Cholesterol can be really confusing.
There’s “good” cholesterol (HDL) and “bad” cholesterol (LDL). There’s cholesterol in your diet, which does not necessarily lead to an increase in cholesterol in your bloodstream. (See the divergent scientific opinion of how healthy eggs are/aren’t.) There’s even some question about how high cholesterol should be treated.
But here’s one simple thing to remember: you do not want your overall cholesterol level to be high.
High cholesterol levels can lead to heart disease and increase your risk for a heart attack or stroke. The Centers for Disease Control and Prevention (CDC) estimates that more than 100 million Americans have cholesterol levels over 200 mg/dL, which is considered above the healthy level. With September being Cholesterol Awareness Month, it’s the perfect time to think about keeping your own cholesterol levels in line.
What is cholesterol?
Cholesterol is a waxy substance your body needs to build cells, make hormones, and digest fatty foods. But your liver produces enough cholesterol—the good HDL kind—to get those jobs done. The bad kind, or LDL, can clog the arteries that lead to your heart and brain.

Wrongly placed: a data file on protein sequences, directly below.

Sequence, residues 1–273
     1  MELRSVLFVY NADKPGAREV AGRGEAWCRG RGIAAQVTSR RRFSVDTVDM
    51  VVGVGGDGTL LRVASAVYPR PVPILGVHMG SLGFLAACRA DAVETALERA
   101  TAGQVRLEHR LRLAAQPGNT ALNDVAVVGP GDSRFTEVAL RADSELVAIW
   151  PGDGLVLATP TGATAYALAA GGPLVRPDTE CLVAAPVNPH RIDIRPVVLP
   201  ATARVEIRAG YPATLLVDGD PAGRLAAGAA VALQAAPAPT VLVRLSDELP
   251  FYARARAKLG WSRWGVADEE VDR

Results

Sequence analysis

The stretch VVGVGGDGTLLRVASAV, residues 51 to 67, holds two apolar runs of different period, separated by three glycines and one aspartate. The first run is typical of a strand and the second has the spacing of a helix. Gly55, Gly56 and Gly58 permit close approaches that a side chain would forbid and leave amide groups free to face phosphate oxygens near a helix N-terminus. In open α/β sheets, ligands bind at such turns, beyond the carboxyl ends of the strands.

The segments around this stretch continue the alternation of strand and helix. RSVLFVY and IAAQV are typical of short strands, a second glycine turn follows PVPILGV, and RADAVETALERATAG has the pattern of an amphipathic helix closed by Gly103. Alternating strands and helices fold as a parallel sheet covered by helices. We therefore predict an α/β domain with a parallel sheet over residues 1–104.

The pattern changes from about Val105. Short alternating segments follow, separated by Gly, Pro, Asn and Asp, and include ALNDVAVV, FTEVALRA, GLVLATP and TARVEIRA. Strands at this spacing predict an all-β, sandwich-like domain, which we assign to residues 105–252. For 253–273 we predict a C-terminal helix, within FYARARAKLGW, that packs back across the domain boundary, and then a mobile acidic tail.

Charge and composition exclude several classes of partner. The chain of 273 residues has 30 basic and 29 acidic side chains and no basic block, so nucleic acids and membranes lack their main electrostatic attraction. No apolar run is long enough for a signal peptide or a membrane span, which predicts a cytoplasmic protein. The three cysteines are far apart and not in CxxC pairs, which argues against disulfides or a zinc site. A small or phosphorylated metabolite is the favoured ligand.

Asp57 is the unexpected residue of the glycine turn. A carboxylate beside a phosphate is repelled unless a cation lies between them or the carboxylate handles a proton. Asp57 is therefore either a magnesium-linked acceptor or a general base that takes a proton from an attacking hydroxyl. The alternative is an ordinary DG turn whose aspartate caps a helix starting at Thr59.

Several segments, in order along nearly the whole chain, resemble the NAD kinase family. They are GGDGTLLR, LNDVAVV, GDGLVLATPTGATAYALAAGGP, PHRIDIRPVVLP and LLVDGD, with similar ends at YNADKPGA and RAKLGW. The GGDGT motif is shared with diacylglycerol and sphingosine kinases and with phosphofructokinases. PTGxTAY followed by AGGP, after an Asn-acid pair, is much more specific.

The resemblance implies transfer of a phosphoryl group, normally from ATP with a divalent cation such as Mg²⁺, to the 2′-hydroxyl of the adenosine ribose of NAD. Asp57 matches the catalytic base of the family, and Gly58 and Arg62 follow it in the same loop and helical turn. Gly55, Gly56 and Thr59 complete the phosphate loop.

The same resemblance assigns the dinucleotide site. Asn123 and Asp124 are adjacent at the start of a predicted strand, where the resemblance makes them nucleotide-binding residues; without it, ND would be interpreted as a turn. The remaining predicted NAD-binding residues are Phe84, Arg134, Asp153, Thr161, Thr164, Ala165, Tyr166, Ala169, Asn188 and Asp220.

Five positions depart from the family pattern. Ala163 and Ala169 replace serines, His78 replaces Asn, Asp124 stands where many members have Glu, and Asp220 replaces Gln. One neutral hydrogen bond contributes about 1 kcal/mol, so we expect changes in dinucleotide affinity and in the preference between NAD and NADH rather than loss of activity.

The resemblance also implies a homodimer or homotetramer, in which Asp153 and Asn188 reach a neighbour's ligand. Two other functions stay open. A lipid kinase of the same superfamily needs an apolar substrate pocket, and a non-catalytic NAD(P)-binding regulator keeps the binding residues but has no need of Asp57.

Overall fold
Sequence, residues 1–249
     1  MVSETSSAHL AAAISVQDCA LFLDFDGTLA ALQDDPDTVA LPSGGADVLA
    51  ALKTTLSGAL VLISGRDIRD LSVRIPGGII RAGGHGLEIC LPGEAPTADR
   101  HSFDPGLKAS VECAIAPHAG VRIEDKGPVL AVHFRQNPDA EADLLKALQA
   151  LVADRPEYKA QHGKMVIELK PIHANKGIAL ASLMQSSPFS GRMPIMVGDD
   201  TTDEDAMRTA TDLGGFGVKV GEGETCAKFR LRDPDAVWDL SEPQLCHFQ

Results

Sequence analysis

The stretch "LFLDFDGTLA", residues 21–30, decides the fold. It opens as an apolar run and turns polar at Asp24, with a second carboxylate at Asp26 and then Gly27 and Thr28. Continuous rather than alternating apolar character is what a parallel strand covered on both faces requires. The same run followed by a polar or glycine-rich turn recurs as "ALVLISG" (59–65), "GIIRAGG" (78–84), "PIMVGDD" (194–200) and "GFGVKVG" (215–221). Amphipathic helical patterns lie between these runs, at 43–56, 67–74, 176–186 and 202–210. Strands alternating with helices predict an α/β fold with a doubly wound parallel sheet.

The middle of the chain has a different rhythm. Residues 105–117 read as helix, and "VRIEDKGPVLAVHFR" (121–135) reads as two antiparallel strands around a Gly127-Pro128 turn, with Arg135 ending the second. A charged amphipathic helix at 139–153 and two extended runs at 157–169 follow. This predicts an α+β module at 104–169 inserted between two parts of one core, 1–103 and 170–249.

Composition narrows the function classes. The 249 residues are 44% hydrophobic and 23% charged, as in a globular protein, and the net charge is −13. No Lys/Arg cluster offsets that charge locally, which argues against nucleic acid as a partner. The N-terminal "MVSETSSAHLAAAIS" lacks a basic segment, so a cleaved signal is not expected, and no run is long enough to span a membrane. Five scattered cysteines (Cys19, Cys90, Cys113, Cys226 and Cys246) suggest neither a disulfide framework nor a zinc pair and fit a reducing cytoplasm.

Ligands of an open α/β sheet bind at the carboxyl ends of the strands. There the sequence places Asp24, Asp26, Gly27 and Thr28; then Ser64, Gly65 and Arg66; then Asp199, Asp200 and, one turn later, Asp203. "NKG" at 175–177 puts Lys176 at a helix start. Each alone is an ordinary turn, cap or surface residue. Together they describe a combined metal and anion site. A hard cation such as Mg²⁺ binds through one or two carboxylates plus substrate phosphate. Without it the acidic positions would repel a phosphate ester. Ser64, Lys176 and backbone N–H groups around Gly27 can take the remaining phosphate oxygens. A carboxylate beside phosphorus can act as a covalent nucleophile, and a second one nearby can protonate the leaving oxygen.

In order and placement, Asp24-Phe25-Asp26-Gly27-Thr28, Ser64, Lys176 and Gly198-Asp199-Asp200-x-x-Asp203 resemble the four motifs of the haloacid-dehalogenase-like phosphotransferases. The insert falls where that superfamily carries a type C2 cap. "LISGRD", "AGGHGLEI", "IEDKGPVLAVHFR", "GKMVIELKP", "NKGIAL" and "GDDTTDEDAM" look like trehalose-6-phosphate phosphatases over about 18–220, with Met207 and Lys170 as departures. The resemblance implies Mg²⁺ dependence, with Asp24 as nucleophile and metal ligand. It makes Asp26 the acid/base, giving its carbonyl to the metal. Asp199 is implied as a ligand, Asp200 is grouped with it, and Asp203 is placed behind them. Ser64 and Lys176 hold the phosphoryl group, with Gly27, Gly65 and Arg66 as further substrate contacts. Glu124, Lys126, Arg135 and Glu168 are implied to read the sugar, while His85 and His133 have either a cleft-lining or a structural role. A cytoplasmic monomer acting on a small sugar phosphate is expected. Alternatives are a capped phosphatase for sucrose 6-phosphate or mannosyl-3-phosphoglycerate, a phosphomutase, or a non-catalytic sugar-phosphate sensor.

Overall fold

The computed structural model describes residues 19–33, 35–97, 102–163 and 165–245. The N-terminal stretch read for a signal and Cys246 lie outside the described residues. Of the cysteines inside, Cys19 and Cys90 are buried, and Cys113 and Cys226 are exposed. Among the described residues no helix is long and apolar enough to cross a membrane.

So what can you do to control your cholesterol level? The American Heart Association recommends a three-point program:
Let’s take a closer look.
Check your cholesterol levels
High cholesterol doesn’t have any visible symptoms. Although there are risk factors, like obesity, anyone can have high cholesterol. That’s why the CDC recommends everyone over 20 get their cholesterol checked every five years. With cholesterol levels included in most blood panels, this is easy to do. Your target level is 170 or lower, with a bad cholesterol level of 110 or lower.
Change your diet and lifestyle
As we mentioned, the connection between dietary cholesterol and your blood cholesterol levels is complicated. But foods high in cholesterol—including beef, poultry, and full-fat dairy—also tend to be high in saturated fats. Cutting down on your intake of high-cholesterol foods and getting more fiber in your diet—fruits, vegetables, and whole grains—lowers your risk level. So does making sure you get enough exercise and control your weight. And if you smoke, stop.
Control your cholesterol
You should always consult with your doctor to monitor your cholesterol. If there is reason for concern, work together to form a plan.
If you want to find out more about Check, Change, and Control, the American Heart Association has a calculator to help determine your risk level.
This material is not intended as medical advice. Talk with your doctor about this or any other subjects pertinent to your health.
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